A response to

But he doesn't need to say it

Al-Kadhi asks a lot of questions but does not want an answer. He is only complaining. If he did want an answer he would find it, as even God has told us, "You will seek Me and find Me when you seek Me with all your heart."

He asserts that Jesus never said, "I am God." But did not God reveal Himself to Moses in the desert as "I AM"? If God is referred to by Moses' disciples as "I AM", then what do we imply when Jesus, speaking to a Jewish audience accusing Him of blasphemy, says, "Before Abraham was born, I AM"?

If anyone will understand the truth, it is there in plain sight in the Bible, "God was manifested in the flesh", and "He shall be called Immanuel, which means 'God with us'". By ignoring the bulk of the new testimony, Al-Kadhi is as a blind guide leading the blind astray, and as the Lord has said, "Both will fall into the ditch."

In asking whether the Father and the Son are one, and therefore both deserving of worship, Al-Kadhi gives us no better alternative than what Jesus Himself said. He simply asks the question like a child who for stubbornness' sake continues asking "Why?" Did not Jesus say, "Whoever has seen Me has seen the Father," and "I and the Father are One?" If this is what Jesus said, then what need of inquiry remains? As it is written in the second psalm, "Kiss the Son, lest He be angry and destroy you".

Al Kadhi asks in the context of Jesus' divinity, "Are Jesus' twelve hand-picked apostles truly in your estimation so backward and dense? This is not how Muslims regard them."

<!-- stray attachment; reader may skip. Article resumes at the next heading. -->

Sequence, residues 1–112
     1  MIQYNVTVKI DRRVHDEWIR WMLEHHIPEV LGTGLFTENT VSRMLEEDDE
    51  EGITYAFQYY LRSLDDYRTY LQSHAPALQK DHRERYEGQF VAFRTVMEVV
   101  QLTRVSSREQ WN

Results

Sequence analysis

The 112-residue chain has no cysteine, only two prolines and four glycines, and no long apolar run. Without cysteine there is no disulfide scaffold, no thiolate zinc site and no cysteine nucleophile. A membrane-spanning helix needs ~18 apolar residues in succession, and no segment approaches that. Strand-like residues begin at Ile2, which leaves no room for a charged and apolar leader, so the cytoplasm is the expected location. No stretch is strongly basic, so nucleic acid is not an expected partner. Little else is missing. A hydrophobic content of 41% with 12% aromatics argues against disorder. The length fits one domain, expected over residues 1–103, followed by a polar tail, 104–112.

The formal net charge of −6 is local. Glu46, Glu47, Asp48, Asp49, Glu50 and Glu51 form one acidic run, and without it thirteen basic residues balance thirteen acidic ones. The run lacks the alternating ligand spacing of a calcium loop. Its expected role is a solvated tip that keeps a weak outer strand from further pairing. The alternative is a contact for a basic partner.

Why then did Peter confess to Jesus, "You are the Christ, the Son of the living God." And as to their intellect, is it not written, "Unless you become as a little child, you will in no way enter the kindom of God." For He has chosen the foolish things of this world to confound the wise and learned. And that so no one may glory in himself, but in God alone, who opposes the proud, but gives grace to the humble.

Al Kadhi asks further why Jesus never demanded worship, but the Father did, as if to imply that in the absence of such a command, proof for Jesus' humanity is established. That is exactly the point. For Mary, upon seeing the resurrected Lord, fell upon Him to worship, but He refused her adulation at that time, saying, "I have not ascended to My Father yet." While Jesus was down here, He was like one of us, stripped of the fulness of His power. That is a stumbling block for Muslims, who want a distant God Who might not manifest Himself into His own creation. But who, more than any tenant, has a right to enter the house? Is it not the owner?

As to whether Jesus is to be worshipped, is it not written, "Every knee will bow and every tongue confess that Jesus Christ is Lord, to the glory of God the Father"?

Al Kadhi further entangles his readers in the examination of articles, by which he hopes to establish that Jesus is not included in the godhead. Has he never read what Moses wrote, "Let us create man in our image"? If God is a we, then where is there question of articles? And to assert that we is simply a term for royalty is to ignore Genesis 18, in which Abraham saw God, three people in all.

Al Kadhi says, "no one has ever gone on and attempted to explain ... why Jesus would then need to pray, let alone to his own self".

As God descended in frail human flesh, Jesus needed to receive from the Father Who is eternally in heaven, and in a position of full deity. He needed strength, as even He Himself stated, "The spirit is willing, but the flesh is weak."

The Rebuttal to "What Did Jesus Really Say?"
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